In October 2010 the District Court sitting in Cairns, Queensland, found Tegan Leach notguilty of attempting to procure her own abortion and Sergie Brennan not guilty ofsupplying Leach with the drugs Mifepristone and Misoprostol to procure an abortion.
Brennan obtained the drugs from his sister in the Ukraine through the regular postalsystem. R v Brennan and Leach was the first case in Queensland’s history where a womanwas charged with procuring her own abortion. The drugs are accepted by the medicalprofession worldwide for medical abortions. A prosecution witness gave evidence thatMifepristone is not harmful or injurious to the health of a woman and it is listed as anessential medicine by the World Health Organisation and approved for use by theAustralian Therapeutic Goods Administration. The jury found the defendants not guiltybecause they were not satisfied beyond reasonable doubt that the combination of the drugsMifepristone and Misoprostol was a “noxious” substance under the Criminal Code (Qld).
This article concludes that there is no regulatory miracle which will stop the traffic ofMifepristone and Misoprostol into Australia and therefore an intelligent regulatory response is required which would make it unnecessary for women to seek Mifepristoneand Misoprostol from overseas networks and the internet. Among other things, this wouldinclude the repeal of confusing, inappropriate and ineffective abortion laws. .
Australian surrogacy legislation punishes the pursuit of a commercial surrogacyarrangement as a criminal offence. Such legislation was first introduced in Victoria in 1986and has since been applied in every Australian jurisdiction except for the NorthernTerritory. The current application of criminal law is based upon this 1980s policy whichhas never been subject to public debate. This article argues that the continued applicationof criminal penalties to commercial surrogacy requires review. .
Surrogacy has produced some positive outcomes by creating an opportunity for otherwisechildless couples to realise their dream of parenthood. However, it has also beenproblematic, particularly where the surrogate mother fails to relinquish a child born as aresult of the surrogacy arrangement. This article examines whether a surrogate motherwho is genetically related to the child she delivers is less likely to relinquish the child thanone who has no genetic ties. An examination of empirical evidence provides support forthis argument. Legislation and case law in Australia, the United States and the UnitedKingdom are examined to determine which, if any, of these jurisdictions take into accountthe existence, or otherwise, of a genetic link between the surrogate mother and the childshe bears. The article concludes that surrogacy legislation should, subject to exceptionalcircumstances, encourage surrogacy arrangements where the child and the surrogate arenot genetically related. .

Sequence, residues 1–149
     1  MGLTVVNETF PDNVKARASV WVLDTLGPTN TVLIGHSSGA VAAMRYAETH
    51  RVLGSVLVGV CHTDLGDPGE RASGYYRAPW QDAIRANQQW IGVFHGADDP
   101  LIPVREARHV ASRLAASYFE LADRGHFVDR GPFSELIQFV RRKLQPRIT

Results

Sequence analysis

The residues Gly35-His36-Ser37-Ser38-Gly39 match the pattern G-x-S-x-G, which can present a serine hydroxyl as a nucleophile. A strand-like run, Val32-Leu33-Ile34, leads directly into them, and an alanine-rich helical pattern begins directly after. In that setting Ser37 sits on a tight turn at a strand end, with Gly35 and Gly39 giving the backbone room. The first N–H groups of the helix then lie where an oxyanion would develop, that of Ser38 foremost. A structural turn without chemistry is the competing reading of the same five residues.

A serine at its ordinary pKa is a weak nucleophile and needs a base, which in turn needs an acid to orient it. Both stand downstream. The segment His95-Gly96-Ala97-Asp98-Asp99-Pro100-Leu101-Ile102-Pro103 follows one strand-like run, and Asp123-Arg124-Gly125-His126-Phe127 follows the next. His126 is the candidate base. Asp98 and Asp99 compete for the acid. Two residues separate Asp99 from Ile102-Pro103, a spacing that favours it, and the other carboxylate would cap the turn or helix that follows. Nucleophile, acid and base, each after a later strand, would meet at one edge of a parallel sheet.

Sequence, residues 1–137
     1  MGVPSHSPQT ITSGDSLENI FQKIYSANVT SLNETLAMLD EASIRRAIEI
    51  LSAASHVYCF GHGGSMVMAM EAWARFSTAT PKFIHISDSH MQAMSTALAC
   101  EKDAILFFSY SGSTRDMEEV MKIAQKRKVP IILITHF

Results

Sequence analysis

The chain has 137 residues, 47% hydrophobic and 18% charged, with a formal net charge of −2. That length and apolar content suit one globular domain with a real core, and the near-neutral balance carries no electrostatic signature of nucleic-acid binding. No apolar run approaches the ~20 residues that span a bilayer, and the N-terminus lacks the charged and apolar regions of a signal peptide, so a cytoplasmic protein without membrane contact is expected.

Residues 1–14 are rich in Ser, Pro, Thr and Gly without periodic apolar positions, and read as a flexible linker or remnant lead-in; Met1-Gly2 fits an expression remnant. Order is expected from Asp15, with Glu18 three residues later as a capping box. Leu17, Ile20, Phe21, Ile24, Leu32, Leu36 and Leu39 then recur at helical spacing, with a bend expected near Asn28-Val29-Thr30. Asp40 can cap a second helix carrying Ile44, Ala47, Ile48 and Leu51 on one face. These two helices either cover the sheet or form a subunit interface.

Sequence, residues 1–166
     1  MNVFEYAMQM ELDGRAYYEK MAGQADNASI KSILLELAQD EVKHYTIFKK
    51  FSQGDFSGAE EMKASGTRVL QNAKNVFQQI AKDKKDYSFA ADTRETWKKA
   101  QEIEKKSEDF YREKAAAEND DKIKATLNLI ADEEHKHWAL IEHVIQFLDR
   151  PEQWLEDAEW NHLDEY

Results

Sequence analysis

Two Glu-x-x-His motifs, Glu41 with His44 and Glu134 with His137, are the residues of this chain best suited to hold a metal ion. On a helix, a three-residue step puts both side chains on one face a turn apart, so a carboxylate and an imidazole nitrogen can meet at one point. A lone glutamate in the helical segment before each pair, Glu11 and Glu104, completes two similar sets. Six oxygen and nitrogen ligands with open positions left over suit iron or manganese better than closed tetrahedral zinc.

Ethical Issues of Human Genetic Databases: A Challenge to Classical Health ResearchEthics? by Bernice ElgerEthical Nikola Biller-Adorno, Alexandre Mauron and Alexander M Capron .
Terminal Decline by Dr Mohamed Khadra .
  • Patients’ decisions to die: The emerging Australian jurisprudence
  • Priority-setting processes for medicines: The United Kingdom, Australia and New Zealand – Joanna Manning
  • Death from minor head trauma and alcohol – David Ranson
  • Embracing the new professionalism: Self-regulation, mandatory reporting and their discontents – Malcolm Parker
  • Psychotherapy, suicide and foreseeable risks of decompensation by the vulnerable – Ian Freckelton
  • What makes a real man? Gender norms and Western Australia v AH [2010] WASCA 172 – Ruth Townsend, Danielle Klar and Thomas Faunce
  • The legal role of medical professionals in decisions to withhold or withdraw life-sustaining treatment: Part 1 (New South Wales) – Ben White, Lindy Willmott, Pip Trowse, Malcolm Parker and Colleen Cartwright
  • The legal role of medical professionals in decisions to withhold or withdraw life-sustaining treatment: Part 2 (Queensland) – Lindy Willmott, Ben White, Malcolm Parker and Colleen Cartwright
  • Serving two masters? Recent legal developments regarding the professional obligations of medical administrators in Australia – Owen Bradfield
  • Who shall live when not all can live? Intellectual property in accessing and benefit-sharing influenza viruses through the World Health Organisation – Charles Lawson
  • Access to medicine and the dangers of patent linkage: Lessons from Bayer Corp v Union of India – Mabel Tsui
  • Police use of TASERs in the restraint and transport of persons with a mental illness – Jennifer Edinger and Sandra Boulter
  • Abortion laws and medical developments: A medico-legal anomaly in Queensland – Kerry Petersen
  • The criminal act of commercial surrogacy in Australia: A call for review – Anita Stuhmcke
  • Surrogacy: Is it harder to relinquish genes? – Pip Trowse
  • Ethical Issues of Human Genetic Databases: A Challenge to Classical Health Research Ethics? by Bernice Elger
  • Ethical Issues in Governing Biobanks: Global Perspectives by Bernice Elger, Nikola Biller-Adorno, Alexandre Mauron and Alexander M Capron
  • Terminal Decline by Dr Mohamed Khadra
  • Source: http://sites.thomsonreuters.com.au/journals/files/2011/04/Jnl-Law-and-Med-Vol-18-No-3-Contents-Mar-11.pdf